Then came the epiphany. I was starting to entertain some of these more complex ideas, and subsequently getting excited about the quilt at last. But I still felt I was blocked. While discussing this with a non-quilting friend, it occurred to me that perhaps I couldn't pin down where I was headed with this quilt because I was still unsure about what the space in which it will hang and what the church itself would come to represent once in its new surroundings. We have decided to change the church's name and are still struggling to come up with one we feel accurately represents our developing identity. No wonder that I too was struggling with the identity of this quilt. I was working with a blank concept, my design had no theme. But now I was developing one. This angel had to be The Angel of the Rock, since the new location is near Rocky Point, and needed to reside at the lake. The quilt would not be me of 5 years ago when the first angel was made, but would represent me today with my emphasis on nature. Ahhhh - inspiration at last!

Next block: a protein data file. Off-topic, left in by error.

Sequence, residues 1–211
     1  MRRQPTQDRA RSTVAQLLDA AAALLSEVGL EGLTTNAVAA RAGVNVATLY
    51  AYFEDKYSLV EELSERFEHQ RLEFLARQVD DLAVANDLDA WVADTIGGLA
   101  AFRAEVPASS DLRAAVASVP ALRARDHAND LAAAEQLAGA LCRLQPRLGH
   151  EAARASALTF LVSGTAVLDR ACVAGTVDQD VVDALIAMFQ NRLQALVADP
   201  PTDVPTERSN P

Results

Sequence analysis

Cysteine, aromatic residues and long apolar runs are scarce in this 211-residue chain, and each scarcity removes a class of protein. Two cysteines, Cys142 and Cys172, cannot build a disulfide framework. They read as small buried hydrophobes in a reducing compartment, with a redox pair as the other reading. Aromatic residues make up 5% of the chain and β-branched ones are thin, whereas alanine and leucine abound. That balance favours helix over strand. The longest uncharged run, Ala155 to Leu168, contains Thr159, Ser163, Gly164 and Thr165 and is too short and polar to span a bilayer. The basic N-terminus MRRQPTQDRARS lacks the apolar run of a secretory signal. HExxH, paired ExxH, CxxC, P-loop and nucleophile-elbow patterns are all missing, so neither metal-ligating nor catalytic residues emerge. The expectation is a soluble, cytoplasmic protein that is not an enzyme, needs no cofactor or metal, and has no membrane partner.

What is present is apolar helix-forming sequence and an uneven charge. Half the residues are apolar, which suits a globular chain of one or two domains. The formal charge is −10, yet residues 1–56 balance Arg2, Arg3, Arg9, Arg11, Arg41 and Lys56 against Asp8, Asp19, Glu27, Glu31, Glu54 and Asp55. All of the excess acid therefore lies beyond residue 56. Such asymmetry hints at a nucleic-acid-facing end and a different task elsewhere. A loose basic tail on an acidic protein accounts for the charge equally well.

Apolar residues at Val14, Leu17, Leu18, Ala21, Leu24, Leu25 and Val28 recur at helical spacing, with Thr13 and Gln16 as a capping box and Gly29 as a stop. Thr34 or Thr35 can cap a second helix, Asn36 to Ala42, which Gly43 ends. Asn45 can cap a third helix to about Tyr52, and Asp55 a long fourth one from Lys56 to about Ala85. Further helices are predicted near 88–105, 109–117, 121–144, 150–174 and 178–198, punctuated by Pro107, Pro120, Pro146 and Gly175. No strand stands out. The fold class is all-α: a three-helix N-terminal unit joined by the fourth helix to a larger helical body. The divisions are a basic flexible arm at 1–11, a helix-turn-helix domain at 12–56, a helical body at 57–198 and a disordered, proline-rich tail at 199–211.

I couldn't wait to get back in the studio, put away all the fabric that would not be in this quilt and start looking for new pieces as well as new ideas for the overall design. One of the first things that happened as I put fabric away was I ran across a piece of rock fabric. I think this was the color I was looking for to help balance the colors in the angel's tunic, and it solidified my theme of Angel of the Rock. I placed it such that the angel was kneeling on it - the rocky beach of the lake. Next I took the hardest step - making that first cut. The dark blue batik was set aside and I cut a piece of the ethereal lighter blue for the upper portion of the quilt. Next, I found a more muted blue for what would become the lake. This matches the tone of the sky better. This picture is a little uneven but gives you an idea of how these will work with the angel.